Make a ‘Game Plan’ For The Windward Leg
by David Dellenbaugh

It’s important to think about strategy before you start sailing up the windward leg, Photo by J.H. PetersonIt’s critical to have a good strategic plan for the windward leg because that is usually where the fleet gets farthest apart. When boats are on opposite sides of the beat, their separation can be huge, and even a small change in wind direction, pressure, or current can have a huge impact on the fleet standings.

Of course, if the conditions never change you don’t have to worry about strategy. In that case the race will be decided entirely on speed and tactics. But in reality the wind is always changing in both velocity and direction. In fact, the wind is a lot like a snow flake -it never follows exactly the same pattern in any two races.

Every race has a unique set of strategic conditions, and that’s why you need to develop a new strategy for each race. This gameplan must be customized to the particular conditions that you experience in that place at that particular time.

Strategic ingredients
When you are planning your strategic moves, you must consider a multitude of factors such as wind direction, wind pressure (puffs and lulls), current, waves, and the location of the windward mark and laylines. The basic question you constantly try to answer is whether you think it is better to be left, right or in the middle.There are many strategic variables that affect how quickly you get to the finish. The five factors that we will cover in this issue are wind direction, wind velocity, course geometry, current, and waves.
For each variable, there are two important considerations. First, is that element uniform across your windward leg, or does it vary from side to side? For example, if the wind strength is exactly equal all across your course, that variable will not influence your strategy. But if there’s a lot more wind on one side, that might be the determining factor in your gameplan.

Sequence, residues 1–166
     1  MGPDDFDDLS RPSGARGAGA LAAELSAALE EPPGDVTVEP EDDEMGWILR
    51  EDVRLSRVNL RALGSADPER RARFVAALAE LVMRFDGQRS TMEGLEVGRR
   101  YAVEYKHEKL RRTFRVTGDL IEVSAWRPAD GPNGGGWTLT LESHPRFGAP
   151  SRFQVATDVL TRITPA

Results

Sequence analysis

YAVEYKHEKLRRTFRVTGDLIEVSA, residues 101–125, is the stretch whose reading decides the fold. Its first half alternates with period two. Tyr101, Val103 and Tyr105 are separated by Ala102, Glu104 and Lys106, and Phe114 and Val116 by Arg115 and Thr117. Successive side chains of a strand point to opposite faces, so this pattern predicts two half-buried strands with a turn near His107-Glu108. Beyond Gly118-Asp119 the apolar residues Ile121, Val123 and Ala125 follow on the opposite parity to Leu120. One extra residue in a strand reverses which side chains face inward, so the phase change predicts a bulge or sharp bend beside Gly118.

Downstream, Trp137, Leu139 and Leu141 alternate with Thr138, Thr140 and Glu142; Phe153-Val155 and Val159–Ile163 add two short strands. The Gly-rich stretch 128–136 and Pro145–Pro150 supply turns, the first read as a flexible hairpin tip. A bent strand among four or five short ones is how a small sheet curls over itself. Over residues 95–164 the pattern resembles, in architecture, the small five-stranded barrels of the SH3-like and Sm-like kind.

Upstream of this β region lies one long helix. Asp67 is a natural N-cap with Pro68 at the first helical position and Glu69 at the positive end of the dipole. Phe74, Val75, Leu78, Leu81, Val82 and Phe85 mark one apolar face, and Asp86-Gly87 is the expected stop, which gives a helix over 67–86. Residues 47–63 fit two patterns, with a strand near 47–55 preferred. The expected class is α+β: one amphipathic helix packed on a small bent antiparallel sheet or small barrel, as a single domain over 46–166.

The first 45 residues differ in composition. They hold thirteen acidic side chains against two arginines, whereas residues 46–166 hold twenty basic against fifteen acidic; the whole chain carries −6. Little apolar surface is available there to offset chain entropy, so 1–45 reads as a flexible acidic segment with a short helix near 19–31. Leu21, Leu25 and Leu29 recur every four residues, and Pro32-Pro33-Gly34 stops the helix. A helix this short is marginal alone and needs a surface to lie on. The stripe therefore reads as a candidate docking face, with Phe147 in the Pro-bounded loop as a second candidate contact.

The second consideration is how you expect each variable to change as you sail up the beat. For example, will the wind shift direction? If the wind direction remains steady, this will not affect your strategic planning. But unfortunately this is hardly ever the case. Almost all five strategic variables change continuously, and this is something that the top sailors are always expecting.

Gather information
In order to make a strategic plan for the beat, you need to gather as much information as possible about the five strategic areas. This data should come from knowledge of the past, observation of the present, and forecasts of the future.

Knowledge of the past
Before the regatta even starts, try to find out what the wind normally does in the area where you are sailing. Identifying common trends can be very helpful in planning a strategy. If you have raced in that venue many times before, hopefully you have a notebook filled with strategic notes. If you haven’t sailed there, talk to people who are “regulars” and see what kind of ‘local knowledge’ you can uncover.

Other good sources of past wind trends are historical data from local airports and online data from meteorological buoys.

Observation of the present
This will give you the most valid and valuable information, so it should be your primary source for strategic planning. Historical data and future forecasts are helpful, but there is no substitute for what you can see and feel in the course area just before and during your race.